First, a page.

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The federal government needs to change how it collects data on Native Americans, a new Brookings research report published March 30 says.

That’s because— under its current collection, aggregation, and publication method of race and ethnicity data— the government could be excluding more than three-quarters of Native Americans from official data sets, the report says.

“These practices may bias research, contribute to negative policy impacts, and perpetuate long-standing misunderstandings about Native American populations,” researchers Robert Maxim (Mashpee Wampanoag Tribe), Gabriel Sanchez, and Kimberly Huyser (Diné) wrote.

Currently, the Census Bureau collects race data based on the 1997 U.S. Office of Management and Budget (OMB) standards on race and ethnicity. The 1997 OMB standards define “American Indian or Alaska Native” as “A person having origins in any of the original peoples of North and South America (including Central America), and who maintains tribal affiliation or community attachment.” 

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While racial data captured in the 2020 census shows that the vast majority of white Americans, Black Americans, and Asian Americans self-identify as one race alone, more than half of all Native American and Alaska Natives identify as mixed-race. Between 2010 and 2020, the number of people who identified as Native American alone or in combination with another race almost doubled from the previous census release in 2010, and the number of Americans classified as two or more races more than tripled.

“This is problematic because government agencies and non-governmental researchers often choose to aggregate all multiracial individuals into a single ‘two-or-more-races’ category,” the report said. “When that happens, it removes a majority of Native Americans and lumps them into a catch-all category with groups that have significantly different backgrounds and life experiences.”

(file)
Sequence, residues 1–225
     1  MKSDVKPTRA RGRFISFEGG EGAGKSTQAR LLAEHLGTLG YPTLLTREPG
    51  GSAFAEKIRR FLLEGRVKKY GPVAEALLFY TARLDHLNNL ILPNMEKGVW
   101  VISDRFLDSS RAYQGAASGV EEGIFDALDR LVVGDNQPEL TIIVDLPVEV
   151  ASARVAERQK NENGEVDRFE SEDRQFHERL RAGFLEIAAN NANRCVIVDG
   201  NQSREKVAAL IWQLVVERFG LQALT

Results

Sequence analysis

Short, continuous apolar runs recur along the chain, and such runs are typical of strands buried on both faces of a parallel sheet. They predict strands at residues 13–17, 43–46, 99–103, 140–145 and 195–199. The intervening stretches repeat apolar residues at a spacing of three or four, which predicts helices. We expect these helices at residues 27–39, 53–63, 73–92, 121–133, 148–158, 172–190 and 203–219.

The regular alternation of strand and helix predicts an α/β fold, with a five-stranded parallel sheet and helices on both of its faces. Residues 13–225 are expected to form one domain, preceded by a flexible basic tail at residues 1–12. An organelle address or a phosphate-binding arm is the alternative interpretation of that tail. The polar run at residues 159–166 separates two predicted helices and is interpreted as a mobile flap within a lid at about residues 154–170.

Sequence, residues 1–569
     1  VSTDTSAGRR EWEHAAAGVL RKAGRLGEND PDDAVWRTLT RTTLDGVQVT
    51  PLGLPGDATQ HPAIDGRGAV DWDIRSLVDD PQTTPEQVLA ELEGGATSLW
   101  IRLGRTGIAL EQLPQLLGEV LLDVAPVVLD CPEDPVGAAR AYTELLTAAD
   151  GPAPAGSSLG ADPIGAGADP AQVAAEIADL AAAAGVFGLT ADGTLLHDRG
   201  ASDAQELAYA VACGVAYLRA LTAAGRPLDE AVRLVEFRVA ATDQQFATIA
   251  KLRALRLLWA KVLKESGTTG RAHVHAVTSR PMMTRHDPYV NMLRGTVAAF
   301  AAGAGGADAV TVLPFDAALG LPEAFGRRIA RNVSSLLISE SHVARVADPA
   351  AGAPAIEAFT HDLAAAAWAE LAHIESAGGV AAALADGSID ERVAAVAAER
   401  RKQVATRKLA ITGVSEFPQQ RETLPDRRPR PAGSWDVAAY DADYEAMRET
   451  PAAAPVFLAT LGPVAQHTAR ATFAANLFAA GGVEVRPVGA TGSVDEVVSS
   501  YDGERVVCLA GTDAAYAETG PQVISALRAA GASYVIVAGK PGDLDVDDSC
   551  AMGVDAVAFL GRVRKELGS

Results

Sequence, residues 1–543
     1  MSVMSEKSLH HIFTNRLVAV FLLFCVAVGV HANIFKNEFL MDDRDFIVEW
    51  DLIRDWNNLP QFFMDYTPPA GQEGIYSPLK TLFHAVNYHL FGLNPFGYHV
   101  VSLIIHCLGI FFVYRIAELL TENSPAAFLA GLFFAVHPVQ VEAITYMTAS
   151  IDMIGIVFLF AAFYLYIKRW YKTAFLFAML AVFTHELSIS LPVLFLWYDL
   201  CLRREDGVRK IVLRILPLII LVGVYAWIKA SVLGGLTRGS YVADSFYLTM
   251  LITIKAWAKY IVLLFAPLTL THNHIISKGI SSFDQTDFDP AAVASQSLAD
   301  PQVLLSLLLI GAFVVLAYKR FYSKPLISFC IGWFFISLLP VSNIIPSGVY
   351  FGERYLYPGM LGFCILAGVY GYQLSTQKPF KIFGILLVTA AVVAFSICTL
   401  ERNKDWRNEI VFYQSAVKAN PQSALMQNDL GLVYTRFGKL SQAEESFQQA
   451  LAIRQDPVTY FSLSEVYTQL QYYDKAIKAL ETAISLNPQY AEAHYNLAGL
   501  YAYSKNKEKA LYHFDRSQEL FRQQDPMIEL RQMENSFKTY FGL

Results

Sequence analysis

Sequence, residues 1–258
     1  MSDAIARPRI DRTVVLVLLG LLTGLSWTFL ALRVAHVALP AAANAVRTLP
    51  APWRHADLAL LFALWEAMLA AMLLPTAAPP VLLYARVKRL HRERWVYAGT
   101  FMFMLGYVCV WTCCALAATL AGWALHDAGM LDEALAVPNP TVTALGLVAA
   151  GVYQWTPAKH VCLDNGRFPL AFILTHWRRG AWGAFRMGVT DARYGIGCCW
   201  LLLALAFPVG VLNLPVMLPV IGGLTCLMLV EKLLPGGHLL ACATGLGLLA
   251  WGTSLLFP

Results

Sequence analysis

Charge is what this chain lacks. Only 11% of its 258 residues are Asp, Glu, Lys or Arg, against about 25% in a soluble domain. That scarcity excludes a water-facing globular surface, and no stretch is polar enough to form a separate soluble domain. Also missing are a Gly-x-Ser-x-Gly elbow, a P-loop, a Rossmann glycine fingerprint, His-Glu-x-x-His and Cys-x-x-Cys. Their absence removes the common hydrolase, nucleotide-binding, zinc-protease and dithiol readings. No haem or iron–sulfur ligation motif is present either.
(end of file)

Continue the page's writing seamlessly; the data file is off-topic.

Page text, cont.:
Additionally, the authors note that aggregating Native Americans—the only census-defined racial identity that is also a political identity— into a monolithic racial group can have problematic implications on tribal sovereignty. In the pending Supreme Court case Haaland v. Brackeen, opponents argue that it’s unconstitutional to give Native Americans adoption preferences for Native children based on their race, whereas defenders say that the preference comes from tribal citizenship to a nation, regardless of an individual’s racial background. 

“While federal government data collection has no direct bearing on how the Supreme Court will rule in the case, the broader treatment of Native Americans as a ‘race’—which is underscored in government data collection and reporting—may influence how non-Native people perceive or misunderstand Native American identity,” authors wrote.

The authors proposed short-term and long-term recommendations for the U.S. government to change its data collection practices when it comes to Native Americans. They suggested: 

  • Separating race and tribal citizenship in data collection by creating an additional census question to ask about Native American identity with a write-in for tribal affiliation. 
  • Encouraging federal government agencies to publish public data on American Indian and Alaska Native populations alone and in combination with other groups, in addition to single race data.

  •  Empowering tribes to collect and manage data on their own populations.

“Regardless of how the U.S. government chooses to proceed, it’s clear that the current practice of measuring Native Americans using mutually exclusive, single-race data is not working well,” the report said. “Moreover, the growing population of mixed-race Native Americans may foreshadow broader demographic trends in the country as a whole. Given that, it is time for both the federal government and non-governmental researchers to rethink how they measure Native American identity, as well as reconsider the broader use of mutually exclusive single-race categories upon which U.S. data publication has long relied.”

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